In any case, I thought that I should "try" to be more useful to the online community and post useful things here again. So....

My presentation for NMC is located here. The cool A-Z tools wiki is here. But, to make life a wee bit easier - here is the list!

A = Amazee, Animoto, A.viary and AwesomeHighlighter
B = Broth and BlockPosters and Brush Video
C = CoSketch and Campfire
D = Discipline Specific Tools and Diigo
E = Encyclopedia of Educational Technology and EgoBoxes
G = Google Suite and Group Table and Go2Web2.0 Directory
H = Huddle and Hulu
I = Indezine
J = Joodo
K = KEEP Toolkit and Kwout
L = LectureFox
M = Mixbook and Merlot
N = Ning
O = OneTrueMedia
P = Penzu, Project Gutenberg and Preezo and Picitup
Q = Qlubb and Qollage
R = RTM, Rememble and Review Basics
S = Slideshare and SpringNote and SlideRocket and Storytlr and scrnshots and Scrapblog
T = Technology Dictionary and Teacher Training Videos and Teacher Tube and TimeRime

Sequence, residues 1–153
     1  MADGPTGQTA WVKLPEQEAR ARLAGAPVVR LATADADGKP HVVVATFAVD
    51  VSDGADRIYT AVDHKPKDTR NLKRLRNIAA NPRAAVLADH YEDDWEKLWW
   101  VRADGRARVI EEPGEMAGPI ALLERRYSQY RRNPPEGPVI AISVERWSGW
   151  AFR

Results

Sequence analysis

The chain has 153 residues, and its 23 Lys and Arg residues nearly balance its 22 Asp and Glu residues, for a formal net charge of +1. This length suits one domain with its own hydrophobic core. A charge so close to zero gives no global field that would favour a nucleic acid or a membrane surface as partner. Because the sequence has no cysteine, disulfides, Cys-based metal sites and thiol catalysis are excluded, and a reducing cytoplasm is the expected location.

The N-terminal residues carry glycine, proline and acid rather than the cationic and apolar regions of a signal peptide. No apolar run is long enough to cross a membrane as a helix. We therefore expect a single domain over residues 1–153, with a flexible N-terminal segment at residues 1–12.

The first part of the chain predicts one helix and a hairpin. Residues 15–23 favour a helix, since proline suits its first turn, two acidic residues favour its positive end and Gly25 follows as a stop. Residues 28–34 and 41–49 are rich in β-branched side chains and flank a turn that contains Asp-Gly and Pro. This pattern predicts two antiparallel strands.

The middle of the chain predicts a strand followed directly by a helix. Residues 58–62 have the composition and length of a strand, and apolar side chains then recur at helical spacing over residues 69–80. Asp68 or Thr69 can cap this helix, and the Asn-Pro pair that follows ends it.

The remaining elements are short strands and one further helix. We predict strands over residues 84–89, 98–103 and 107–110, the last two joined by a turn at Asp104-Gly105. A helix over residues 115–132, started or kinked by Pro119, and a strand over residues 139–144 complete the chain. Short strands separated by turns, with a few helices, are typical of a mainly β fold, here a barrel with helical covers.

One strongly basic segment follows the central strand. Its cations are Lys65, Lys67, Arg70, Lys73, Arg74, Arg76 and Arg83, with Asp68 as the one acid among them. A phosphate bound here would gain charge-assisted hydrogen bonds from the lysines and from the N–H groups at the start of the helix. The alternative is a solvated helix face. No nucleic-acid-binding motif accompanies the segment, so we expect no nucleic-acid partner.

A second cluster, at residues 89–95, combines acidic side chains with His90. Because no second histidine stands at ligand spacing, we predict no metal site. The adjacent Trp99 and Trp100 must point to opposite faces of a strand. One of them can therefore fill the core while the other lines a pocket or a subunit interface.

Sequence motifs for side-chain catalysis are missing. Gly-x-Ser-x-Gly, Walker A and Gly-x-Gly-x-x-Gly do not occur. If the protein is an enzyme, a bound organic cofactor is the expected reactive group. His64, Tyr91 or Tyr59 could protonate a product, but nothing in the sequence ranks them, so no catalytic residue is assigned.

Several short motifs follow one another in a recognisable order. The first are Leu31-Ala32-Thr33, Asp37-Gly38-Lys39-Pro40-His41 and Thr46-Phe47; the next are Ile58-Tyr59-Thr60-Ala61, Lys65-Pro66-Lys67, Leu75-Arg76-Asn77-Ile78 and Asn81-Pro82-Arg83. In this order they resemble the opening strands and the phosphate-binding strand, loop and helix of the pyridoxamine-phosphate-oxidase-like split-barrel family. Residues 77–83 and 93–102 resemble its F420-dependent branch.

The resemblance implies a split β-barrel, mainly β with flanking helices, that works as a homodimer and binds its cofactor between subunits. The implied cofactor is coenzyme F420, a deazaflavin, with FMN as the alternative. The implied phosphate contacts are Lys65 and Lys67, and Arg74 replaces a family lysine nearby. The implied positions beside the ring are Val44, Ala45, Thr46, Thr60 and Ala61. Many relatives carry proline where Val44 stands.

U = Udutu
V = VoiceThread
W = Wikispaces and WeGameand Web2Rights
X = Xtimeline
Y = YouTube and Yudu
Z = Zotero

Thursday, November 06, 2008

A New Day Has Arrived

My children will never know what it was like to only have rich white men in the highest office in the US. This is a good thing. I hope, in my life time, that the words "Madam President" will also be a reality.

No matter what side we were on last night, today we must all work together. This was the message that both McCain and Obama stressed in their speeches (and, why, oh WHY, couldn't ALL of the speeches have been that good???). As a member of neither of the two major parties, I watched with interest as the polidoofi (my term, not theirs) talked little about issues and more about the costs of dresses and someone's great aunt Annie. But, all that is behind is a new day.

Working together is never easy, but working apart is so much harder.

Today, I had the excellent fortune to present at NMC's Fall 2008 Virtual Symposium. The number of new faces was refreshing. NMC does an amzing job of getting new people hooked into the newest technologies.